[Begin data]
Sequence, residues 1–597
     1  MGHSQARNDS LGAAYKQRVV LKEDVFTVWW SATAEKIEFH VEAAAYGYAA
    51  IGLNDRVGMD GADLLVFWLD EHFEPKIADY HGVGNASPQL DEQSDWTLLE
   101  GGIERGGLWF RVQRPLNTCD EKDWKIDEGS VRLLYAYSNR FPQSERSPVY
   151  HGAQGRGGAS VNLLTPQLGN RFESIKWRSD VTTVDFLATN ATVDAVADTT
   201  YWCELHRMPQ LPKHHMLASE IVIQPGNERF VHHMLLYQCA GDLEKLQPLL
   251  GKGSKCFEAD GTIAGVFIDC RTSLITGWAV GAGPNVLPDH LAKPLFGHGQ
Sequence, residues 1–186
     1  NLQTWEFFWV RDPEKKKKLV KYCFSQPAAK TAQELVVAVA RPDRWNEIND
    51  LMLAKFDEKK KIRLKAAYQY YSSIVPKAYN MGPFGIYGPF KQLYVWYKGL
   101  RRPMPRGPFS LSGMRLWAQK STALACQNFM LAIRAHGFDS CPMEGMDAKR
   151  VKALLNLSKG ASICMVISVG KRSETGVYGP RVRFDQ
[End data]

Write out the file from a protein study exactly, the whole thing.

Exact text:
Sequence, residues 1–597
     1  MGHSQARNDS LGAAYKQRVV LKEDVFTVWW SATAEKIEFH VEAAAYGYAA
    51  IGLNDRVGMD GADLLVFWLD EHFEPKIADY HGVGNASPQL DEQSDWTLLE
   101  GGIERGGLWF RVQRPLNTCD EKDWKIDEGS VRLLYAYSNR FPQSERSPVY
   151  HGAQGRGGAS VNLLTPQLGN RFESIKWRSD VTTVDFLATN ATVDAVADTT
   201  YWCELHRMPQ LPKHHMLASE IVIQPGNERF VHHMLLYQCA GDLEKLQPLL
   251  GKGSKCFEAD GTIAGVFIDC RTSLITGWAV GAGPNVLPDH LAKPLFGHGQ
Sequence, residues 1–186
     1  NLQTWEFFWV RDPEKKKKLV KYCFSQPAAK TAQELVVAVA RPDRWNEIND
    51  LMLAKFDEKK KIRLKAAYQY YSSIVPKAYN MGPFGIYGPF KQLYVWYKGL
   101  RRPMPRGPFS LSGMRLWAQK STALACQNFM LAIRAHGFDS CPMEGMDAKR
   151  VKALLNLSKG ASICMVISVG KRSETGVYGP RVRFDQ